Considering that the time scale of the above events may be more than a billion years, any system that propagates molecular and catalytic diversity, as I have proposed, could explain abiotic synthesis of many of the molecules of life. I offer that a catalytic propagation model would be favored. As noted by Orgel, the puzzle is how we get from a soup of prebiotic organic molecules to the RNA world [61]? Others have questioned this as well, suggesting that genetic systems simpler than RNA may have served as a predecessor [8,24,].

In contrast to the sophisticated high-fidelity nucleic acid-based inheritance observed in extant organisms and proposed in the RNA world, I hypothesize a lower fidelity predecessor where a simpler, less-exact stepwise process gave rise to the first hereditary information system.

In early protocells, or life forms it was important to pass on the catalytic information needed for metabolism. At the onset of life, it would seem beneficial to have catalytic and hereditary functions embodied in the same molecule such that specific molecular recognition and catalytic capability could be inherited together.


Since ribozymes are catalytic, RNA could have served a dual function - as both a catalyst for reactions and as the hereditary material [66]. This is an attractive feature of the RNA world model. I consider the inverse: How could a catalytic system based on RNA be almost completely supplanted by proteins? Is it not possible that peptides were the original catalysts and, like RNA, had a second hereditary function that was supplanted by RNA?

Many have suggested a predecessor of the RNA world, so herein, I focus on evidence consistent with the minimotif synthesis hypothesis. However, it is entirely possible that peptides as catalysts, and RNA as hereditary material, were born of abiotic chemical evolution and then converged into a translational system later in protocells and biopoesis of the first life forms. As long as a template could be used to self-replicate peptide catalysts, nothing more is required for the genesis of peptide-based inheritance of molecular recognition and catalysis.

Proteins clearly have a much wider breadth and efficiency as catalysts than RNAs.

There is evidence that peptides could have had such templates, in that many extant protein structures and protein-protein interactions show secondary structure interactions with degeneracy. Those peptides that formed peptide-peptide interactions may have served as the initial pre-genomic genetic material. This hypothesis is akin to the Graded Autocatalysis Replication Domain GARD model previously proposed for chemical inheritance, but has the advantage of a potential replication mechanism [67].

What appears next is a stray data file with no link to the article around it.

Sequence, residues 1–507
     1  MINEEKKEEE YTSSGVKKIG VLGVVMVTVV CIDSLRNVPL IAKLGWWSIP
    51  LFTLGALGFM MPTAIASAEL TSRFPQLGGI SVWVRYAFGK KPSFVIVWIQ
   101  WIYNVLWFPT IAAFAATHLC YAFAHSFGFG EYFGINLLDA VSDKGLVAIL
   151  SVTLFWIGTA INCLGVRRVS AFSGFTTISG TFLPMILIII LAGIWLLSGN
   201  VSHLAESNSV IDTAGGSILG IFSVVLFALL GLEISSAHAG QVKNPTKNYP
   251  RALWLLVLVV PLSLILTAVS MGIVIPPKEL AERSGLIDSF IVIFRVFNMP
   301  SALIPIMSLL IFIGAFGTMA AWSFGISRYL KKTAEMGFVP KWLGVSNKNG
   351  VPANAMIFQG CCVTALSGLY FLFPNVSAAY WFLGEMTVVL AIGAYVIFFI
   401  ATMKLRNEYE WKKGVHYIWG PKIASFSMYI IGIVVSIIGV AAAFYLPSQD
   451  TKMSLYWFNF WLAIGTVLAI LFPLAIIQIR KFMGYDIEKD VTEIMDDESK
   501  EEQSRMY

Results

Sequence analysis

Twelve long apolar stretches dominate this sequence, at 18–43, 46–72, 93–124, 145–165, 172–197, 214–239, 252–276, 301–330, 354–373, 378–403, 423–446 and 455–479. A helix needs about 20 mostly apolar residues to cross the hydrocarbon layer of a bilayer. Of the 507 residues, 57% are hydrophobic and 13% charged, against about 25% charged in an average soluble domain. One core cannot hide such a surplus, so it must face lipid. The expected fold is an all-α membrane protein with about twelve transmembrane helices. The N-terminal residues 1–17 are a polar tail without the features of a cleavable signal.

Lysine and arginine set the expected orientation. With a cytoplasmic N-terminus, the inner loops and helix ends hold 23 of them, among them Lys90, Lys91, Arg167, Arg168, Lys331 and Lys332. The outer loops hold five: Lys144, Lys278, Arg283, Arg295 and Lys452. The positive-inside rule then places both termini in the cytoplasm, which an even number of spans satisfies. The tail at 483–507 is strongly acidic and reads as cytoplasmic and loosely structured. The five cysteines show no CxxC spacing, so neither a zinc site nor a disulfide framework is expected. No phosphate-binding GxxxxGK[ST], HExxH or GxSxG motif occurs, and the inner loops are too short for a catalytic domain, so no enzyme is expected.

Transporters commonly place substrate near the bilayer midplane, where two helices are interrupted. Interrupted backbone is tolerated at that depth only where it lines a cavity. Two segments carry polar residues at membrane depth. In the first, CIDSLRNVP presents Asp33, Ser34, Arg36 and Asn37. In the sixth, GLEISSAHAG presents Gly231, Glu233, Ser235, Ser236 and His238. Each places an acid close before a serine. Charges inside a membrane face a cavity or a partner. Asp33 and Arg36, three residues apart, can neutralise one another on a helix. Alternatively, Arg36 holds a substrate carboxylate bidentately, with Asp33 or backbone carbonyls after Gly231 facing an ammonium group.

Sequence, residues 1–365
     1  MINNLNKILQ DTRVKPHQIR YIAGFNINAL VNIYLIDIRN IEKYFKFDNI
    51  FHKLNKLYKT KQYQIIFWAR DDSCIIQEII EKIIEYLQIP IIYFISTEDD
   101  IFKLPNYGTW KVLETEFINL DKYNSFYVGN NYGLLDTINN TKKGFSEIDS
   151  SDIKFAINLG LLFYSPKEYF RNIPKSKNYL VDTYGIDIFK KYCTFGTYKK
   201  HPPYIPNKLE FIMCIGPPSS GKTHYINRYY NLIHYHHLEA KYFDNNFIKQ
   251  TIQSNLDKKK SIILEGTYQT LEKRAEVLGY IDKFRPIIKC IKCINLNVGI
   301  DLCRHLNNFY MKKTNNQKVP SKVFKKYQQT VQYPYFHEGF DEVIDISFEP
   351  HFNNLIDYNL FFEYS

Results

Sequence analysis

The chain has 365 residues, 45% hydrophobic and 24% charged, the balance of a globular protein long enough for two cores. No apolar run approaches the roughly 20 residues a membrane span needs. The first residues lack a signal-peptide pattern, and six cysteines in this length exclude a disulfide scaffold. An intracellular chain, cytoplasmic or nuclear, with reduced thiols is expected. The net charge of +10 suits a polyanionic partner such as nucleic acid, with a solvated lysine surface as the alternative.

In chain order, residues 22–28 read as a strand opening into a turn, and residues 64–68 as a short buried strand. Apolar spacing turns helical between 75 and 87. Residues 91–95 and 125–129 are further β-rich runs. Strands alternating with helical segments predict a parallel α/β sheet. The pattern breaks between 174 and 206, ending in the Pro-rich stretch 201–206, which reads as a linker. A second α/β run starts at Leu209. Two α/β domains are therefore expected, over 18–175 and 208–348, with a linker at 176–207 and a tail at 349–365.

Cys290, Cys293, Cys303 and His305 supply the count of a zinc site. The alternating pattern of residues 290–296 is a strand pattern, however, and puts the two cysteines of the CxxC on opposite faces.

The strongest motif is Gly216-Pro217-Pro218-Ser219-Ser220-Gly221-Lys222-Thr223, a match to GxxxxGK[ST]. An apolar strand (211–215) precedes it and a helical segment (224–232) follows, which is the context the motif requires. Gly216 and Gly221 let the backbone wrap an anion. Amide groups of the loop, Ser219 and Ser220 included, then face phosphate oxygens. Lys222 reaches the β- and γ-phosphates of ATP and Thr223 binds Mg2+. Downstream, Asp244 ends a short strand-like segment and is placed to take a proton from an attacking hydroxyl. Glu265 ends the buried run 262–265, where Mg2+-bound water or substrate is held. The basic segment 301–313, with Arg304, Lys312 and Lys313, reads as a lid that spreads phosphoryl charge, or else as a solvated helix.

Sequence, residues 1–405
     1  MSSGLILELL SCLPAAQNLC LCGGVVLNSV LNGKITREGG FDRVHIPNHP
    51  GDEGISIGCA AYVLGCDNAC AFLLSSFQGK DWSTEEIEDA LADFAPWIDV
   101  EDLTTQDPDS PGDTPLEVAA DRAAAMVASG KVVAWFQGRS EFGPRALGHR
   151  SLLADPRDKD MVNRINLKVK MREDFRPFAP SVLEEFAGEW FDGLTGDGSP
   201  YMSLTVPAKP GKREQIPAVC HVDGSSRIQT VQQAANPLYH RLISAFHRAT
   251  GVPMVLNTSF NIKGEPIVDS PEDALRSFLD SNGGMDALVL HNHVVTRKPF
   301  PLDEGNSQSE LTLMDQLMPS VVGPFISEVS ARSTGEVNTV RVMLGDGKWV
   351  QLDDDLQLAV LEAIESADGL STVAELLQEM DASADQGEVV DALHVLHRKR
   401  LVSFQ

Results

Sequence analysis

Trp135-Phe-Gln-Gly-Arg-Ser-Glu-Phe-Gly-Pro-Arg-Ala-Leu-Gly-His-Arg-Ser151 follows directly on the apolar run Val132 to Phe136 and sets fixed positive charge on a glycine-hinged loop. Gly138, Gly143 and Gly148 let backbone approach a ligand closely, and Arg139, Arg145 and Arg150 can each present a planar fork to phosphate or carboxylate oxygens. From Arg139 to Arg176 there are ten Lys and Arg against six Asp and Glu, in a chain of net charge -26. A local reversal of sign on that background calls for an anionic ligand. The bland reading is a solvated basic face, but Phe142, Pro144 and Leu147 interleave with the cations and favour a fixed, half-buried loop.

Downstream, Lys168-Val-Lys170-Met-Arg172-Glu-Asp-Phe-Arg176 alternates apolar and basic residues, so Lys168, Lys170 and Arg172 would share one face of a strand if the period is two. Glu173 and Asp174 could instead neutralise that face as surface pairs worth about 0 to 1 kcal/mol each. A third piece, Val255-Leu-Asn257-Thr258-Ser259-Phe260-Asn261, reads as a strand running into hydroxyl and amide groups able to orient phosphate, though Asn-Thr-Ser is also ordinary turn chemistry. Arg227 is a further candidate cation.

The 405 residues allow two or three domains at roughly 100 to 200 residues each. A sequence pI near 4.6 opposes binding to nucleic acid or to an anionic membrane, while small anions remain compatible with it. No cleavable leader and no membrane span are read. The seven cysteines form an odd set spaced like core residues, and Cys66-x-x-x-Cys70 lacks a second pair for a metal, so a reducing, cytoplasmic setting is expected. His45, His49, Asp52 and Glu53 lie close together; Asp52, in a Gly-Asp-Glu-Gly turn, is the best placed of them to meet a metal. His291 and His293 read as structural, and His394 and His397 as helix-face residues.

The amino acids aligned on the template through side chain interactions could be covalently joined forming peptide bonds with the aid of a catalyst, similar to the mechanism of semiconservative DNA replication Figure 2A. Alternatively, as previously hypothesized, peptides could have replicated through a autocatalytic cyclic network involving two our more peptides [72].

Furthermore, several small peptides, such as Ser-His and Gly-Gly, have been shown to catalyze peptide bond formation [58,59]. These peptides could have served as a primitive form of the non-ribosomal peptide synthesis prevalent in modern life [see Norine tabase [73]. Figure 2.

Minimotif synthesis model for peptide catalyst evolution from primordial soup. In Part I, stable interactions occur between compounds and amino acids, and among amino acids. The grayed figures are compounds and the colored compounds are amino acids. In Part II, peptide:compound and peptide:peptide complexes are more stable than uncomplexed peptides. Te most stable complexes, and molecules emerge out of the primordial soup. In Part III, some peptides or peptide complexes produce the first catalysts. These catalysts evolved, producing new molecules leading to new molecular interactions and new peptide interactions, and thus new catalysts in a cycle parts III and IV. Inger et al. However, one limitation noted was that such a system is incapable of evolution [75]. My model of minimotifosome replication provides an intuitive solution to this problem.

These minimotifosomes could have had dual functionality, serving both as primitive catalysts and as the hereditary material, thus providing a simpler, primitive means for inheritance of catalytic capabilities.

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The semi-conservative replication of minimotifosomes need not be perfect to provide a mechanism to pass on chemical catalysis information and to allow for mutation, selection, and thus, evolution. The lack of fidelity for non-contact amino acids could have been the first genetic source of mutation and genetic diversity, and acted upon by selection. Some random coil minimotifs might have offered the highest genetic fidelity. A subset of such random coils could have been primitive genetic information with mutation occurring by degenerate recognition.